Short-term exposure to paracetamol [Fig. 1(D)] caused an increase in lipid peroxidation in homogenates of C. fluminea, which was significant for the two highest concentrations [F = 15.97; df = 4, 45; p < 0.001; Fig. 1(D)]; a LOEC of 4.82 mg L−1 was found. Indeed, the biomarker in these treatments was responsive, and TBARS concentration increased more than three times relatively to control. Noxious effects of long-term exposure to paracetamol [Fig. 1(H)] were significant [F = 15.07; df = 5, 54; p < 0.001; Fig. 1(H)] and evidenced by: (i) a decrease in lipid peroxidation in homogenates of C. fluminea, significant for the two lowest concentrations with a LOEC lower than or equal to 3.88 μg L−1; and (ii) an increase in lipid peroxidation following exposure to 30.98 and 61.95 μg L−1 paracetamol, which was found statistically significant at 61.95 μg L−1.

DISCUSSION

  1. Top of page
  2. Abstract
  3. INTRODUCTION
  4. MATERIAL AND METHODS
  5. RESULTS
  6. DISCUSSION
  7. CONCLUSIONS
  8. REFERENCES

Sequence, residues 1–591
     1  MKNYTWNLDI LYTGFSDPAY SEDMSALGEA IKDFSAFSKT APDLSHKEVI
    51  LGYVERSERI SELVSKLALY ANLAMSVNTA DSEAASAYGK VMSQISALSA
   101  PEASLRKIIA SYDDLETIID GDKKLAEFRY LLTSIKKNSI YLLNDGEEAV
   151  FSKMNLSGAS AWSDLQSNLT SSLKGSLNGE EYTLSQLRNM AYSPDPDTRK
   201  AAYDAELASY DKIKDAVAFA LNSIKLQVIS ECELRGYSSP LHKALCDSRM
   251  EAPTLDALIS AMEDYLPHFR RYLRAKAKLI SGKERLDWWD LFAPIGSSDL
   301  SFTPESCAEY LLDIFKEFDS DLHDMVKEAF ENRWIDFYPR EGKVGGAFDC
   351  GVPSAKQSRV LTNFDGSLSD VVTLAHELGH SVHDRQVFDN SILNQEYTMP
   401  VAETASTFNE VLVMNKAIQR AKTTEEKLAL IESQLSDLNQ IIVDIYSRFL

CAT is a heme-containing enzyme that decomposes hydrogen peroxide into water and molecular oxygen. The formation of hydrogen peroxide is a common feature under oxidative stress scenarios, due to the degradative activity of an upstream enzyme, superoxide dismutase (SOD), in the oxidative defense cascade. SOD is responsible for the degradation of the superoxide radical, which is amongst the most unstable and reactive forms of oxygen that can result from oxidative insult. Thus, increased activity of CAT may result from higher, oxidative-derived levels of hydrogen peroxide. Our study showed that exposure of C. fluminea to paracetamol did not cause any significant change in CAT activity, following both short- and long-term exposures. This suggests that the catalytic degradation of hydrogen peroxide, one of the common steps of oxidative stress, was not accompanied by a rise in this enzyme's activity and/or the formation of hydrogen peroxide was not favored by exposure to paracetamol. In spite of this apparent paradox, similar results were already described in the literature. The study by Orhan and Sahin (2001) showed that exposure of human erythrocytes to paracetamol did not cause any measurable modification in CAT activity. Other authors, such as Olaleye and Rocha (2008) and Manimaran et al. (2010) reported significant decreases of CAT activity in paracetamol-exposed mice and rats. However, the likely establishment of an oxidative stress scenario should have been accompanied by a rise in antioxidant enzymes, including CAT, as described by Parolini et al. (2010) for the zebra mussel (Dreissena polymorpha). This particular enzyme (CAT) has been used as effective criteria in previous studies using C. fluminea as test organism, but not focusing specifically on pharmaceutical compounds: the study conducted by Oliveira et al. (2007) showed that CAT was responsive to the presence of lead, being significantly increased after exposure. In fact, the assessment of this toxicological parameter in C. fluminea was shown to be more responsive than in a freshwater crustacean species, Dilocarcinus pagei, as shown in the same study.